Structurally, the reservoir 302 is constructed from a hollow outer shell 306 (shown in isolation in FIG. 18) which features a bottleneck 308. A divider 310 is mounted within the shell 306 so as to compartmentalize the shell 306 into an upper chamber 311 (see FIG. 17), which functions as the reservoir 302, and a lower chamber 312, which provides a well or space into which the applicator 304 may be nestled when not in use. In the illustrated embodiment the divider 310 features a groove 316 at an upper portion thereof into which an O-ring 318 (see FIG. 17) or similar sealing material is inserted. In assembly, the divider 310 is inserted into the shell 306 and bonded thereto. The two parts have corresponding vertical tapers, as seen best in FIG. 17, and the divider 310 features a ridge 320 which functions as a stop in order to locate the divider 310 within the shell 306.
The applicator 304 comprises a cradle 330 onto which an applicator element such as a sponge 332 (shown only in the cross-sectional view of FIG. 17) is mounted, in one of the manners previously described. The sponge 332 is preferably bellows-shaped as shown in order to be more readily compressible in the vertical direction. The cradle 330 includes a tray 334 having sidewalls and integrated wings or finger grips 336 a and 336 b integrated into and projecting above the sidewalls which allow a user to grasp the applicator with one's fingers. Recesses 338 and 340 are formed in the shell 306 and divider 310 to accommodate the finger grips 336 a and 336 b. On the internal side, the finger grips feature protrusions 342 which aid in maintaining the sponge to the tray via a friction fit.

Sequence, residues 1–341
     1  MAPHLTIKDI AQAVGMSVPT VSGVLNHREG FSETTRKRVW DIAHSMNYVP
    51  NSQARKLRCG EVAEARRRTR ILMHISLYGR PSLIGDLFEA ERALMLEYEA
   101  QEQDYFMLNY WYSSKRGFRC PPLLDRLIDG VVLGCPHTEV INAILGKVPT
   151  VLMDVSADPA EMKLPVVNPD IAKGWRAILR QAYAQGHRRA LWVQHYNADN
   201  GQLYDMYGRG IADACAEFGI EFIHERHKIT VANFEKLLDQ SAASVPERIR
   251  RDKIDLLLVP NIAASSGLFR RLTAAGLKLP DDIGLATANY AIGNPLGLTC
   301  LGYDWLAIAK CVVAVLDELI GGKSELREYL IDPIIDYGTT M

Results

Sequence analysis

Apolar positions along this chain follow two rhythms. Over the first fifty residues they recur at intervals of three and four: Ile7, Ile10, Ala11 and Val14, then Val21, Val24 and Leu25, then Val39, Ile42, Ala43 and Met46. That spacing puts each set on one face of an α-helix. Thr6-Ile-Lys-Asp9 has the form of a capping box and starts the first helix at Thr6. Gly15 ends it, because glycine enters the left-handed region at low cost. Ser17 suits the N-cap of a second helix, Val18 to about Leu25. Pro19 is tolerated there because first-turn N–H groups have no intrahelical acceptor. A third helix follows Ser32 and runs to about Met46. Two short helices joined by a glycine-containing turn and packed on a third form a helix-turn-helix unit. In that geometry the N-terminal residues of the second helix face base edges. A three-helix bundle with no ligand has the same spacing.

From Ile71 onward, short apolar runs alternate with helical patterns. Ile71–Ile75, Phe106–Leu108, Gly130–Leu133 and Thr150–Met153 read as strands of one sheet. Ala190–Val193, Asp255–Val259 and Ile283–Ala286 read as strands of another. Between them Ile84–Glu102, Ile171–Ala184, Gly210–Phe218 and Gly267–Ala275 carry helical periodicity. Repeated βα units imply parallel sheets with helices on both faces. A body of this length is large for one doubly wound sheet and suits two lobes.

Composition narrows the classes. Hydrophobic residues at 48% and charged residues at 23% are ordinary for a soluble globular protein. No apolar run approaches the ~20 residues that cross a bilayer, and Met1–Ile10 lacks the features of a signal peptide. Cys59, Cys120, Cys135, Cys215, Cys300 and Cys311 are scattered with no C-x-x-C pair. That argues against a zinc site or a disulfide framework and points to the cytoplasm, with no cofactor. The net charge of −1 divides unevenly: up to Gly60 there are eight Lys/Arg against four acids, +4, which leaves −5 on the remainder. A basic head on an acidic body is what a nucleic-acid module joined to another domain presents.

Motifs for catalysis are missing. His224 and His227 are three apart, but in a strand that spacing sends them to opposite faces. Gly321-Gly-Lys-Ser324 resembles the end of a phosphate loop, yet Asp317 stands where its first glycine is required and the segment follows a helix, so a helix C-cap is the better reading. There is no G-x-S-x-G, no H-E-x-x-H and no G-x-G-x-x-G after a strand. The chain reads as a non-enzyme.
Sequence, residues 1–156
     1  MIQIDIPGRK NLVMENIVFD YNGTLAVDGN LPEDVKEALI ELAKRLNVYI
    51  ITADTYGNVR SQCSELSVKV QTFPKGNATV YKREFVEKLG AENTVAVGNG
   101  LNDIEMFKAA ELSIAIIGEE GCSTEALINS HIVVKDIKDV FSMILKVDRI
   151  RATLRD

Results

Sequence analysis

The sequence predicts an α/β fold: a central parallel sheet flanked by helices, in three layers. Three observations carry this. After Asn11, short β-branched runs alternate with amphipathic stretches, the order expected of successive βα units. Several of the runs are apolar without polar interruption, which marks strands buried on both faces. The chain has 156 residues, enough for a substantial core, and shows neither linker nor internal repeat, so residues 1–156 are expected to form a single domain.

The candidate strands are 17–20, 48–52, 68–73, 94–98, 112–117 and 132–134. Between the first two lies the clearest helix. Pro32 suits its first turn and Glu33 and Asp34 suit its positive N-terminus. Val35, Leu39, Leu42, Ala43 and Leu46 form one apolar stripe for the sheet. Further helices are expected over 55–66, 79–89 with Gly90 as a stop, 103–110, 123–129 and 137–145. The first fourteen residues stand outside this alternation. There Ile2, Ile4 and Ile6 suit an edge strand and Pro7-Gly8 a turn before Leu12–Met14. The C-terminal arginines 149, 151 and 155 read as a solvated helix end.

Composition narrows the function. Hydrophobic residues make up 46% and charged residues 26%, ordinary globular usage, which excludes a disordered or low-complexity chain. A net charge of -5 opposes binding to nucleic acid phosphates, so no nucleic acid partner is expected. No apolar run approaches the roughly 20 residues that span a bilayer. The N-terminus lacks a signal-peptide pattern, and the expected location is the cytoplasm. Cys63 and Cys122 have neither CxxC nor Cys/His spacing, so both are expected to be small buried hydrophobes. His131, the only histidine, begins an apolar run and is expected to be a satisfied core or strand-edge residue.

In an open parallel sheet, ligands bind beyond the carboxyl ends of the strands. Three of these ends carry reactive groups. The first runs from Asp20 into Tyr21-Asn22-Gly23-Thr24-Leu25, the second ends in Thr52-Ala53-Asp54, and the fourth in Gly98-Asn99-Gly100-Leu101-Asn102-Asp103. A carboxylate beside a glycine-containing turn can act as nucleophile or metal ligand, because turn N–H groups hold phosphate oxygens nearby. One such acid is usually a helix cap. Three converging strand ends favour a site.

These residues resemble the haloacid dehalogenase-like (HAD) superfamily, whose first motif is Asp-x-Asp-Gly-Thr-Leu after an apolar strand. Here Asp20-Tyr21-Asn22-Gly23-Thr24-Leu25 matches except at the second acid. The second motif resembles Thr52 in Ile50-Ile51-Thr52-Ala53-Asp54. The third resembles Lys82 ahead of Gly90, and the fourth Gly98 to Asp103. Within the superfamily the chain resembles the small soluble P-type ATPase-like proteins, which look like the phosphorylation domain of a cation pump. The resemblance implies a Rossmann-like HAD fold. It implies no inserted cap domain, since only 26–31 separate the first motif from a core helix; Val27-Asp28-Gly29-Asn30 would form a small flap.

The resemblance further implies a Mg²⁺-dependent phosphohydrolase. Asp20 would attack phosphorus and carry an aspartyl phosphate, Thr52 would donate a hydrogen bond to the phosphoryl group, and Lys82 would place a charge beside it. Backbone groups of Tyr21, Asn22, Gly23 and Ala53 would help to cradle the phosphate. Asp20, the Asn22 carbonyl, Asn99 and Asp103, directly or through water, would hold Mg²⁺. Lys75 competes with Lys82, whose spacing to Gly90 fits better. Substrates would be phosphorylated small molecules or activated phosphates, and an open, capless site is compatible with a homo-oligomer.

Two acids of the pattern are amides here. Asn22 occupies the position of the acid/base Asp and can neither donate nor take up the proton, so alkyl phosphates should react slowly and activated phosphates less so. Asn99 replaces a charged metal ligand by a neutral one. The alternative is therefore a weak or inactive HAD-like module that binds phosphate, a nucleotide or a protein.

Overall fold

A detent mechanism is employed for detachably mounting the applicator 304 to the divider 310 (which is fixed to the shell/reservoir). More specifically, the tray 334 and divider 310 are preferably constructed from a mildly deformable and resilient plastic material, as known in the art per se. The tray 334 includes nubs 344 along the sidewalls thereof, and the divider 310 includes on its inner surface correspondingly aligned dimples 346 (shown in phantom in FIG. 18) for receiving the nubs 344. The reverse arrangement is also possible. Given the tight fit between sidewalls of the tray 334 and the divider 310, the nubs 344 cause the walls of divider 310 and shell 306 to flex outwardly as the tray 334 is inserted therein, but the pressure is relieved as the nubs 344 are received in the dimples 346. The pressure, which must be relieved in order to remove applicator 304, locks the applicator 304 in place. The applicator 304 may, however, be removed by forcibly pulling or tugging the tray 334 out from its attached position. Once removed, the user may pour the liquid foundation stored in the reservoir 302 onto the applicator 304.